Gwendolyn Pyle, 11, of Sylvania Township, worked as an extra on the new movie "Oz: The Great and Powerful" when she was 9-years old.
THE BLADE/KATIE RAUSCH
If you ask Heather Pyle to describe her 11-year-old daughter Gwendolyn, she would say she learns through experiences. .
“She is an experiential child. She will try anything once, if you ask her to cut down a tree or go skydiving, she’ll try it,” the proud mom said, gloating about Gwendolyn’s first and successful performance in movie screen acting.
Gwendolyn, a well-mannered and poised child who attends Sylvania's Whiteford Elementary School, is on screen for two seconds in Disney’s Oz The Great and Powerful, which premieres Friday.
The Sylvania Township resident was excited to find out that the scene she was in would appear in the movie. Gwendolyn appears for several seconds in the preview clip shown to promote the movie.
“The scene I’m in is important to the movie cause it explains how Oz is formed,” she said. She is in the front row of the audience, to the left of a family which watches Oz perform a magic show, and is in the black-and-white portion of the film. The family sitting next to her includes a young child in a wheelchair who cannot walk. Played by Joey King, that child is brought to Oz, or Oscar Diggs, for a magical cure.
The Pyles found out that Gwendolyn was in the movie scene two years after the filming.
"I woke up early and saw that they released the trailer, so I watched it, saw the magician scene and they pan to the audience, and saw her," Mrs. Pyle said. "I was shouting 'she’s in it' and clapping my hands on the counter, at 6 a.m. when everyone is sleeping.”
Even though it is a two-second appearance, Gwendolyn and her mother are excited that she is in the movie.
“We’ll take it,” Mrs. Pyle said.
Gwendolyn tried out for the part after a Web casting call in 2011 for extras in the movie. . On a lark, she sent in her headshot. Her family was happily surprised when they found out she was chosen as an extra.
That fall they headed to a vast sound stage in Pontiac, Mich., inside what was once a factory.
Her scene was shot inside a tent where several actors were on hand, including James Franco, who plays Oz.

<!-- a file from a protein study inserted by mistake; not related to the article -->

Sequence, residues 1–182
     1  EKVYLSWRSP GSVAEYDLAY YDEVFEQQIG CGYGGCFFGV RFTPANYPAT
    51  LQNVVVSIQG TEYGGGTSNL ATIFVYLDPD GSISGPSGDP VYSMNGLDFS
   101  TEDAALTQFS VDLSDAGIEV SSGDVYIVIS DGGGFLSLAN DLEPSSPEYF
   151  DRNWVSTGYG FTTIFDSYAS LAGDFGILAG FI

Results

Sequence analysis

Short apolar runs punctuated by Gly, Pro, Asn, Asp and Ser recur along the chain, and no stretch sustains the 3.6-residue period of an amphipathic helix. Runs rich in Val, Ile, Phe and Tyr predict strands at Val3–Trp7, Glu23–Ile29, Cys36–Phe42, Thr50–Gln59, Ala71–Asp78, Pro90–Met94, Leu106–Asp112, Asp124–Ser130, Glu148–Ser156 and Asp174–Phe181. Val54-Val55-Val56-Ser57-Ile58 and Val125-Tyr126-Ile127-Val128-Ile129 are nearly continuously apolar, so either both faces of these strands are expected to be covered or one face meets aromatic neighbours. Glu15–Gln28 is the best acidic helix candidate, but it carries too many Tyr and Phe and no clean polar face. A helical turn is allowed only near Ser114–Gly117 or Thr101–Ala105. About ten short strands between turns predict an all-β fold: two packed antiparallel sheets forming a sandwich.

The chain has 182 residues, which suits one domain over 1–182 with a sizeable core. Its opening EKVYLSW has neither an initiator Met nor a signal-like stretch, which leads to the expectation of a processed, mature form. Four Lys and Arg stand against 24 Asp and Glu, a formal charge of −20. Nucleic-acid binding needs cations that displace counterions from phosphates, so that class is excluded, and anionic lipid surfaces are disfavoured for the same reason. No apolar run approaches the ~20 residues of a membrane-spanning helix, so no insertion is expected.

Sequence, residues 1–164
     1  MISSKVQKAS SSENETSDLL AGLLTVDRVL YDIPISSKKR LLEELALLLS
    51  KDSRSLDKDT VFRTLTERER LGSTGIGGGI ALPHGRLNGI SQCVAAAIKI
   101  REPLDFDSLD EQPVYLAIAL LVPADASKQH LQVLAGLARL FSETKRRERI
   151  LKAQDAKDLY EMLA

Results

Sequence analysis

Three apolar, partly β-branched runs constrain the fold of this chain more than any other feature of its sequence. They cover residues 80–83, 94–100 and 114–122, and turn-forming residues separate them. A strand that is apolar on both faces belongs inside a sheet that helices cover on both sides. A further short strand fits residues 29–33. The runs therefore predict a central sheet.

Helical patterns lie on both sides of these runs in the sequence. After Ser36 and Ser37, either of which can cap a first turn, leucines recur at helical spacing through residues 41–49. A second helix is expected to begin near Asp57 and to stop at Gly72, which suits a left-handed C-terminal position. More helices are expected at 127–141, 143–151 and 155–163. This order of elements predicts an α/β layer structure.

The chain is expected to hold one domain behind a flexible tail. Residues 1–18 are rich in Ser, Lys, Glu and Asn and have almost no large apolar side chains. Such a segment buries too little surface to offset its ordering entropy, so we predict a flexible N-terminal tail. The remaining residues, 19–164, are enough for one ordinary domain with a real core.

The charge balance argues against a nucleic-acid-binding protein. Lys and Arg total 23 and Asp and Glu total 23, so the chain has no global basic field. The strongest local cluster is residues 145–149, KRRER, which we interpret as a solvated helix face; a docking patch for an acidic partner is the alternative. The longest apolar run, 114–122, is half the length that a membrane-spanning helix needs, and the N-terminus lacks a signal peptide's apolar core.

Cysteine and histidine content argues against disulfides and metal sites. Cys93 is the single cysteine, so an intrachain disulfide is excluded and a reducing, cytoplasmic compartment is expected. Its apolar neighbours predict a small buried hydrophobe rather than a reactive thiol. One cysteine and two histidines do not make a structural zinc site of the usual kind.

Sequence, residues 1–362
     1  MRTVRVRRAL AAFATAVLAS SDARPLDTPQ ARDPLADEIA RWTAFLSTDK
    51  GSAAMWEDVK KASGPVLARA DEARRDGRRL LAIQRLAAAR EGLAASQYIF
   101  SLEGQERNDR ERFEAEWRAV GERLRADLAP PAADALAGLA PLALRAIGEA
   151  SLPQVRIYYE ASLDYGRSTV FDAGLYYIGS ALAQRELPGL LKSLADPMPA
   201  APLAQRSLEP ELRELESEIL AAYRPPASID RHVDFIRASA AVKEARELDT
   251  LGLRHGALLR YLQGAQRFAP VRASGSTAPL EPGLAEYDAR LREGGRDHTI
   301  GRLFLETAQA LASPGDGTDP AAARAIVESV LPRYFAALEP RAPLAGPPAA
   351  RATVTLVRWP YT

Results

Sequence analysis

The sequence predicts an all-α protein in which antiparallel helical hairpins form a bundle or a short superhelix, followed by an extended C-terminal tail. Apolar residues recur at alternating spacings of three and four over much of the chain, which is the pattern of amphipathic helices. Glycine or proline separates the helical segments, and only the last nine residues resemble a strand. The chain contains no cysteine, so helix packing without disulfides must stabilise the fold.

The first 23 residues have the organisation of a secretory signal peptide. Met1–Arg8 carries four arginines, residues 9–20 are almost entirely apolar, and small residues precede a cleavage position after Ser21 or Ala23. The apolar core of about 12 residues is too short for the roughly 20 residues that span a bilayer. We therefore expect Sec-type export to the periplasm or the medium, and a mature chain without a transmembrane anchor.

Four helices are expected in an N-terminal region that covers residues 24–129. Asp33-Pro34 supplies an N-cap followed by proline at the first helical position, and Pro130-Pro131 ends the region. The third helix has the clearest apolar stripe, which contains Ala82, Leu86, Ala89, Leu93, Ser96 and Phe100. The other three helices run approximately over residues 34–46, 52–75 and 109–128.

Gwendolyn kept her cool around the professional actors, and abided by the instructions not to ask the main actors for autographs.
Gwendolyn recalled that she wore an uncomfortable, form-fitting costume that included a pinafore and low-heeled boots, and her look mimicked a child living in the Dust Bowl.
“They made me look dirty,” Gwendolyn recalled. “My makeup made me look dirty, they put dirt in my fingernails, dirt on my face, so it looked like I was from the Dust Bowl.”
She had to look the same for three days of shooting, and even if one hair was out of place, a hairstylist would stop to make sure she looked exactly the same in each day’s shoot.
“They also had such great food, I was really impressed with how they had different sections and one just for dessert,” she gushed.
Gwendolyn has been studying the performing arts since she was 6 at the Toledo Repertoire Theatre, and has had parts in its production of Alice in Wonderland, Jr., and Pirates of Penzance, Jr. Familiar with the one-time-chance to get it right in a theater performance, she appreciated the retakes that movie-making allows.
Moreover, she realized that movie-making required many different people in artistic roles to make it a success, and that if her dreams of acting were not fulfilled she could still be in the business in another role.
With her recent acceptance into the Toledo School for the Arts, she will continue to study the craft of acting and dancing.
She and her family are planning to see the movie Sunday. In honor of the witches in the film Gwendolyn will wear the Wicked Witch's hat, and her sister Mia, 8, will wear a "Glinda" crown.